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Market Power in the England and Wales Wholesale Electricity Market 1995-2000

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  • Sweeting, A.
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    Abstract

    This paper shows that generators exercised increasing market power in the England and Wales wholesale electricity market in the second half of the 1990s despite declining market concentration. It examines whether this was consistent with static, non-cooperative oligopoly models, which are widely used to model electricity markets, by testing the static Nash equilibrium assumption that each generator chose its bids to maximise its current profits taking the bids of other generators as given. It finds a significant change in behaviour in late 1996. In 1995 and 1996 generator behaviour was consistent with the static Nash equilibrium assumption if the majority of their output was covered by financial contracts which hedged prices. After 1996 their behaviour was inconsistent with the static Nash equilibrium assumption given their contract cover but it was consistent with tacit collusion.

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    File URL: http://www.econ.cam.ac.uk/electricity/publications/wp/ep55.pdf
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    Bibliographic Info

    Paper provided by Faculty of Economics, University of Cambridge in its series Cambridge Working Papers in Economics with number 0455.

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    Length: 44
    Date of creation: Oct 2004
    Date of revision:
    Handle: RePEc:cam:camdae:0455

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    Web page: http://www.econ.cam.ac.uk/index.htm

    Related research

    Keywords: static oligopoly models; market power; Nash equilibrium; tacit collusion; electricity markets;

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    References

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    1. Green, R., 2004. "‘Did English Generators Play Cournot? Capacity Withholding in the Electricity Pool’," Cambridge Working Papers in Economics 0425, Faculty of Economics, University of Cambridge.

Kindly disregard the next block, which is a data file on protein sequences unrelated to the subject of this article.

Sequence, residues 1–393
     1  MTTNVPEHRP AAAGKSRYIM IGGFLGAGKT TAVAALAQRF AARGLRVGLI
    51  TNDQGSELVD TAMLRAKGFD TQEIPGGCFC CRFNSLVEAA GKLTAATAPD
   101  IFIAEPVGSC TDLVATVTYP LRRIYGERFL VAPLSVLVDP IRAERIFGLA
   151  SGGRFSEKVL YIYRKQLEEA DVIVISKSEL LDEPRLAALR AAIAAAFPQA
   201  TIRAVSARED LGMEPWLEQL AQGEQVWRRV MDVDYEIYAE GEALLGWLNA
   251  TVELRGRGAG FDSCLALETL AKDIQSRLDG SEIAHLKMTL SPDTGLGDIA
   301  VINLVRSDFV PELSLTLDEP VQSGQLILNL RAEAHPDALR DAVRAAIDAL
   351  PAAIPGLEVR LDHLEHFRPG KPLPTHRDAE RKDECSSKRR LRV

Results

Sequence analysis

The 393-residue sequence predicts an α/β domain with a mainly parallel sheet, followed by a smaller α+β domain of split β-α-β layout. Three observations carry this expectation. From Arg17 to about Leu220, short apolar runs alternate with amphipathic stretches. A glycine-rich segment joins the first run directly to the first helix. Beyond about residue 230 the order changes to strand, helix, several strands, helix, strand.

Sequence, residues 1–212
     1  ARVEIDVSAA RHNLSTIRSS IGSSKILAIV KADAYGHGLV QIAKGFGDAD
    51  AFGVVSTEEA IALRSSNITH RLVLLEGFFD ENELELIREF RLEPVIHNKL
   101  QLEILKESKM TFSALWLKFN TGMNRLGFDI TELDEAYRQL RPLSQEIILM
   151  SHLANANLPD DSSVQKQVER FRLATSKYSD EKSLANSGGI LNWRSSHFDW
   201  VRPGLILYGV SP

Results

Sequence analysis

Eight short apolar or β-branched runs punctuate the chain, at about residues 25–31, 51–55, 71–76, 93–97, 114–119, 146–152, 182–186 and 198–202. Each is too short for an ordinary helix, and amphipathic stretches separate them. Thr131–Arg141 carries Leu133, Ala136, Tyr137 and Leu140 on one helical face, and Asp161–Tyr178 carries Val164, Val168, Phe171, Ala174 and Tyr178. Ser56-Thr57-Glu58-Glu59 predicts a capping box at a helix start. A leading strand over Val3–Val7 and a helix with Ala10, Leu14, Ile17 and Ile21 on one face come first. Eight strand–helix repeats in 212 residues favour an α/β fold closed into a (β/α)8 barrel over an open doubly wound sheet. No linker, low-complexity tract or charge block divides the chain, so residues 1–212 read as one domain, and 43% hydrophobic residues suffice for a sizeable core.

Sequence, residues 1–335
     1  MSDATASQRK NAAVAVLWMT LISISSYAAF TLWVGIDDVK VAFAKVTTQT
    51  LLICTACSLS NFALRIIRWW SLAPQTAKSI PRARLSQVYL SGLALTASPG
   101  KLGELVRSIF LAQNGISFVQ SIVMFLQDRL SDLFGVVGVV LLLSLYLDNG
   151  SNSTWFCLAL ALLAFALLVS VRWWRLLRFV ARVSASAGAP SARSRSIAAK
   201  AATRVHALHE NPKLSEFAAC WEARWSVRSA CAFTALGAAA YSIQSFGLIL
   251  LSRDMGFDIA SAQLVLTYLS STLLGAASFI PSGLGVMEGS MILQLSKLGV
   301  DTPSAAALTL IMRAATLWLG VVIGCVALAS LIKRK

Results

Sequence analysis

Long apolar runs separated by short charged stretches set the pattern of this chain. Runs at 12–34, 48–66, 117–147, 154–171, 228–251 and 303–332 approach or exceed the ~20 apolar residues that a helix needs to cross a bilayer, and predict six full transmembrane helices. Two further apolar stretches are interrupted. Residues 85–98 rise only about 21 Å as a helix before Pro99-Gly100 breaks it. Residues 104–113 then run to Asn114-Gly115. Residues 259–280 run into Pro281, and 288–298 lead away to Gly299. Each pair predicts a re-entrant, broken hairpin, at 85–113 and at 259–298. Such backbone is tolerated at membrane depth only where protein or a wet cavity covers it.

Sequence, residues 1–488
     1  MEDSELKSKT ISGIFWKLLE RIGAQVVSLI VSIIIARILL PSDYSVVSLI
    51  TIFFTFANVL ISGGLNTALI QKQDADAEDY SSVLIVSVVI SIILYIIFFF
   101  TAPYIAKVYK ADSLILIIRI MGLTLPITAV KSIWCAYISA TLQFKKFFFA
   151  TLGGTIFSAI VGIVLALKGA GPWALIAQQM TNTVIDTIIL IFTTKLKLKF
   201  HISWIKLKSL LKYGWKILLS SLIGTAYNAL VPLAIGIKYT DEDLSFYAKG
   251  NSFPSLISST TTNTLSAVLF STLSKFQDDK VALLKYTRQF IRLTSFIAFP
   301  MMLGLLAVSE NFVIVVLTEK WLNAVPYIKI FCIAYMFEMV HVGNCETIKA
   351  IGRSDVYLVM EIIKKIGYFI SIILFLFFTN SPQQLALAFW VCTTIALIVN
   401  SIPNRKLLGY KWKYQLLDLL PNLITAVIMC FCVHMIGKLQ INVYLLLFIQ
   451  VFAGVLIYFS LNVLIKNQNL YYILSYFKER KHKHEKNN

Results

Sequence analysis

2. Natalia Fabra & Juan Toro, 2003. "The Fall in British Electricity Prices: Market Rules, Market Structure, or Both?," Industrial Organization 0309001, EconWPA.
    3. Mark Armstrong & Simon Cowan & John Vickers, 1994. "Regulatory Reform: Economic Analysis and British Experience," MIT Press Books, The MIT Press, edition 1, volume 1, number 0262510790, December.
    4. von der Fehr, Nils-Henrik Morch & Harbord, David, 1993. "Spot Market Competition in the UK Electricity Industry," Economic Journal, Royal Economic Society, vol. 103(418), pages 531-46, May.
    5. Green, Richard, 1999. "The Electricity Contract Market in England and Wales," Journal of Industrial Economics, Wiley Blackwell, vol. 47(1), pages 107-24, March.
    6. Green, Richard J, 1996. "Increasing Competition in the British Electricity Spot Market," Journal of Industrial Economics, Wiley Blackwell, vol. 44(2), pages 205-16, June.
    7. Green, Richard & Newbery, David M G, 1991. "Competition in the British Electricity Spot Market," CEPR Discussion Papers 557, C.E.P.R. Discussion Papers.
    8. Natalia Fabra, 2003. "Tacit Collusion in Repeated Auctions: Uniform Versus Discriminatory," Journal of Industrial Economics, Wiley Blackwell, vol. 51(3), pages 271-293, 09.
    9. Severin Borenstein & James B. Bushnell & Frank A. Wolak, 2002. "Measuring Market Inefficiencies in California's Restructured Wholesale Electricity Market," American Economic Review, American Economic Association, vol. 92(5), pages 1376-1405, December.
    10. Rafael Macatangay, 2002. "Tacit Collusion in the Frequently Repeated Multi-Unit Uniform Price Auction for Wholesale Electricity in England and Wales," European Journal of Law and Economics, Springer, vol. 13(3), pages 257-273, May.
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    Cited by:
    1. Roques, F. & Newbery, D.M. & Nuttall, W.J., 2004. "Generation Adequacy and Investment Incentives in Britain: from the Pool to NETA," Cambridge Working Papers in Economics 0459, Faculty of Economics, University of Cambridge.

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